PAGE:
Locked Ward by Anne Buist

Locked Ward by Anne Buist

Anne Buist continues to put the psychology, and particularly the psychology of women and mothers, in the centre with what may be the final entry in her Natalie King series Locked Ward. King debuted in Medea’s Curse and two further books followed – Dangerous to Know and This I Would Kill For. In each of these King, a forensic psychologist, has put herself on the line to uncover the truth.

Locked Ward’s cold open is titled ‘four days after the murder’ and the next series of chapters is headed ‘Before the murder’. This is necessary foreshadowing as the early plot, which focusses around King checking herself and her one year old into a baby sleep clinic, might otherwise leave some readers wondering. While her first few days in the clinic are somewhat interesting, the titles key readers in to looking out for strange behaviour and anticipate an impending tragedy. Buist uses this time introduce the range of women, their partners and the staff in what will become a kind of locked room mystery. That mystery, the death of a nurse, seems like an open and shut case with Shamilla, a refugee on temporary transfer from detention in Nauru, being found at the scene with a scalpel. But despite all of that evidence, King knows that Shamilla is unlikely to be the killer and, together with her sister who also happened to be at the centre at the time, starts to investigate the other mothers.

Buist puts King, with her psychiatric and observational skills, in the middle of the action. Shamilla is being supported by one of the other psychiatrists at the facility in which King works; King’s ex Damien (and father of her child) is one of the police investigators; and her formerly fairly estranged sister has become friendly with many of the other mothers. And this also puts pressure on her relationship with her new partner Liam, who has grown children in Sydney and is looking to potentially move away from Melbourne. On top of this, King is managing her own bipolar nature with a drug regime that does not always work as effectively as it could.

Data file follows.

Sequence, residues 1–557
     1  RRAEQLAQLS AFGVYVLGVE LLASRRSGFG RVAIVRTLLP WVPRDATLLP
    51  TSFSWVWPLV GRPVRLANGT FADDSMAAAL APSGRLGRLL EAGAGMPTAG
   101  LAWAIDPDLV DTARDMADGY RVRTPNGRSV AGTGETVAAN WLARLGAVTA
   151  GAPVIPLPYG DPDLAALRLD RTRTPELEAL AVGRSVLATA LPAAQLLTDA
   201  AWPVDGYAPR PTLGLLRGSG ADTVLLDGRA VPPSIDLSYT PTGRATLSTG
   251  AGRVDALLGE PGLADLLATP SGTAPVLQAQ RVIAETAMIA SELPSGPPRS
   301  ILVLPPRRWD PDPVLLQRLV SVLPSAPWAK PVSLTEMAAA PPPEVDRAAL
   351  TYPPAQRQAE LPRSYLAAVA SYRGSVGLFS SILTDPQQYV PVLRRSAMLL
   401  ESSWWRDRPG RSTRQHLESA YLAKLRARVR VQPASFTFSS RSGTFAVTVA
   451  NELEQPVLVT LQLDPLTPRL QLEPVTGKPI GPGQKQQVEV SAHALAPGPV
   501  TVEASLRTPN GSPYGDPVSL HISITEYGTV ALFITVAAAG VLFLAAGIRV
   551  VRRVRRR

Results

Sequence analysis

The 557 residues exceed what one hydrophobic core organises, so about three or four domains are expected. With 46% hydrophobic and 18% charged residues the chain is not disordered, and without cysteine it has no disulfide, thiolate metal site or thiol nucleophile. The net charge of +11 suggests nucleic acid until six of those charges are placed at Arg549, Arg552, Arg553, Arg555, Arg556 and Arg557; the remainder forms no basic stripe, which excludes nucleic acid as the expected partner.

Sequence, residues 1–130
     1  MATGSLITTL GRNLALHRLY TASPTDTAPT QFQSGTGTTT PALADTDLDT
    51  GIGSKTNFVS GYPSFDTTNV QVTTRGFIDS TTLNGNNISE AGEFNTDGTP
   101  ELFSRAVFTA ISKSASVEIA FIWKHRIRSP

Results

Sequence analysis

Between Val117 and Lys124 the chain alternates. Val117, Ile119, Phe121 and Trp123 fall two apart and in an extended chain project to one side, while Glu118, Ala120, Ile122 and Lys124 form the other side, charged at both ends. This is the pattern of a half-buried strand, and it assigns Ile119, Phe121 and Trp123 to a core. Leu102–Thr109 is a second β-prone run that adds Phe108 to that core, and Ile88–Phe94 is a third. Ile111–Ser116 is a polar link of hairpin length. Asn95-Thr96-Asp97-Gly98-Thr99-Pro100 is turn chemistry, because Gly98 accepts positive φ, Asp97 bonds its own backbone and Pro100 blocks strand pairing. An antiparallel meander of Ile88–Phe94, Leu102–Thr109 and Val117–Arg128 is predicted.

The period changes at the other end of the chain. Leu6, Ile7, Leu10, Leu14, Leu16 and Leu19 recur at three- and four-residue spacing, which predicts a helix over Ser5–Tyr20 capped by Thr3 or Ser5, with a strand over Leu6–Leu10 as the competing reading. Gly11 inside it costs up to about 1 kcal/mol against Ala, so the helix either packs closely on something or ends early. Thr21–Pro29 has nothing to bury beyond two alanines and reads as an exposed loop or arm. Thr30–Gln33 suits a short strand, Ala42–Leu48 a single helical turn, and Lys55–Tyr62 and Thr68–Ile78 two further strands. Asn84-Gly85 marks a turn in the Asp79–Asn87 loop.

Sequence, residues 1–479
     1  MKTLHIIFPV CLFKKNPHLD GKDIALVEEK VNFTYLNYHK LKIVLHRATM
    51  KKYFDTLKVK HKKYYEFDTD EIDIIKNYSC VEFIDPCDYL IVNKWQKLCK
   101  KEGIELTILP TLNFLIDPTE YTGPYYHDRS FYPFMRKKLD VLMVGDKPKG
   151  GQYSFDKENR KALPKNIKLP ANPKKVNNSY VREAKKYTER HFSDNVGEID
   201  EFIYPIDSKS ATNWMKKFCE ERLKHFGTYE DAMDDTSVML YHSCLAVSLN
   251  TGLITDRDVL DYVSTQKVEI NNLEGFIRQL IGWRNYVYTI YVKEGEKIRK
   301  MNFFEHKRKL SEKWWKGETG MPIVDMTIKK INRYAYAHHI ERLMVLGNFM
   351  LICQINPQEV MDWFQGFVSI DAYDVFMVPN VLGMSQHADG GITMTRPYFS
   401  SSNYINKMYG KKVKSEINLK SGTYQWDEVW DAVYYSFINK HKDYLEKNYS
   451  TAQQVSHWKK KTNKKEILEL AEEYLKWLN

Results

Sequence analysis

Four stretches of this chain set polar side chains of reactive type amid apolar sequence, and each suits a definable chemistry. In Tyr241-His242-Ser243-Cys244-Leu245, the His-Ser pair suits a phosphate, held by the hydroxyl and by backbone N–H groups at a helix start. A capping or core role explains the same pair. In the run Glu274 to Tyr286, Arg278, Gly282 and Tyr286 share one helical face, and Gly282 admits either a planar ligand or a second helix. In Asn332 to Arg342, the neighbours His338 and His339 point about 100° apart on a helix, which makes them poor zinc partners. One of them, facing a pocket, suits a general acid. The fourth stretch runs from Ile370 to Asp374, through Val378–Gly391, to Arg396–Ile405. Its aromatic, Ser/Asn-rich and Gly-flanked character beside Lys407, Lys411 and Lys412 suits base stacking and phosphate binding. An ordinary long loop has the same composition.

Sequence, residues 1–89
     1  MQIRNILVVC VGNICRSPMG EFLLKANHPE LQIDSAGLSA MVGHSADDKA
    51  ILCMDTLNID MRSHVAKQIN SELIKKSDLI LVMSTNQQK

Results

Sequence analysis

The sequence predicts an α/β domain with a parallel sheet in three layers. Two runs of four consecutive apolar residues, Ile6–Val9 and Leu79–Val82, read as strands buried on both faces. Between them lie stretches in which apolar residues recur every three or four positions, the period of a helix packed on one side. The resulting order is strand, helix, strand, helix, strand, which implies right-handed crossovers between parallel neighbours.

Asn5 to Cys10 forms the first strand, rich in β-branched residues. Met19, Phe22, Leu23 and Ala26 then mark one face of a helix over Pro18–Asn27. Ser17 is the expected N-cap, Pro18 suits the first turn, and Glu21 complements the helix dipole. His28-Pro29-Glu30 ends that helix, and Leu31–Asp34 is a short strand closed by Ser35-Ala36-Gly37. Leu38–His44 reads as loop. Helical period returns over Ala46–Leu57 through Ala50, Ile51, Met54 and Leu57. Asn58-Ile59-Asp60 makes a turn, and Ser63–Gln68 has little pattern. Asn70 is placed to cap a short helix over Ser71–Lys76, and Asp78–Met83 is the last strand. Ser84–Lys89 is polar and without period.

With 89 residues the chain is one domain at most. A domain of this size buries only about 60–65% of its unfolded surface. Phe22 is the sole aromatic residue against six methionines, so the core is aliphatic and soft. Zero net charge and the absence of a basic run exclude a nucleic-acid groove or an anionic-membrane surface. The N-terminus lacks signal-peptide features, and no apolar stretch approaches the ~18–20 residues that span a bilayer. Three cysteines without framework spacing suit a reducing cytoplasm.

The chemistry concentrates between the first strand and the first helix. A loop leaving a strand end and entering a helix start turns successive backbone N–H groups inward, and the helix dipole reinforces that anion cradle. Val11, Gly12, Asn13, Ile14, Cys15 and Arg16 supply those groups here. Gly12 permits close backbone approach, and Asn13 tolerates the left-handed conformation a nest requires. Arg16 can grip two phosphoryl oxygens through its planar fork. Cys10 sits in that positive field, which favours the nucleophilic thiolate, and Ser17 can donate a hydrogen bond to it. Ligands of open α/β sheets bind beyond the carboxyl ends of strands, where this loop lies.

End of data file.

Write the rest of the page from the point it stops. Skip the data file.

As always, Buist brings her perinatal psychology knowledge to bear through King in a way that informs the plot rather than preaches to readers. But Locked Ward also deals with some other hot-button issues including Australia’s treatment of refugees and some of the assumptions that underlie that treatment.

For all of that, this is almost an Agatha Christie style locked room murder mystery. The book even has a map of the clinic with the locations of the rooms of all of the mothers and their babies. Armed with this map readers can work with the King sisters as they use a similar map to try and work out where everyone was at the time of the murder. Add in some red herrings, a range of other issues playing out, and Buist delivers a satisfying resolution although without the drawing room scene.

Buist says in her Acknowledgements that she is putting Natalie King aside for a while. While her work in forensic psychiatry gave her a perfect in to continue a series, there is only so many times that personal stakes and connections can drive the tension forward. Locked Ward is a fitting (temporary?) end to a fascinating and in some ways unique Australian crime series.

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Locked Ward by Anne Buist

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Wrap Up

Locked Ward by Anne Buist



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